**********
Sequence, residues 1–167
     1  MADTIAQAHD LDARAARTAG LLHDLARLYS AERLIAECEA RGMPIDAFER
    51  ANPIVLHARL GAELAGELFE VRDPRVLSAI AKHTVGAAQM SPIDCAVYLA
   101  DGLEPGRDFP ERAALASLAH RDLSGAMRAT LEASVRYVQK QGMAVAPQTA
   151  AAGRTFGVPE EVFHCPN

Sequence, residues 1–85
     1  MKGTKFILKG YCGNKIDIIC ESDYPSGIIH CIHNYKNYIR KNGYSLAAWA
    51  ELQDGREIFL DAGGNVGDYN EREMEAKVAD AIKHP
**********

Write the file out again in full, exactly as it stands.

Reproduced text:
Sequence, residues 1–167
     1  MADTIAQAHD LDARAARTAG LLHDLARLYS AERLIAECEA RGMPIDAFER
    51  ANPIVLHARL GAELAGELFE VRDPRVLSAI AKHTVGAAQM SPIDCAVYLA
   101  DGLEPGRDFP ERAALASLAH RDLSGAMRAT LEASVRYVQK QGMAVAPQTA
   151  AAGRTFGVPE EVFHCPN

Sequence, residues 1–85
     1  MKGTKFILKG YCGNKIDIIC ESDYPSGIIH CIHNYKNYIR KNGYSLAAWA
    51  ELQDGREIFL DAGGNVGDYN EREMEAKVAD AIKHP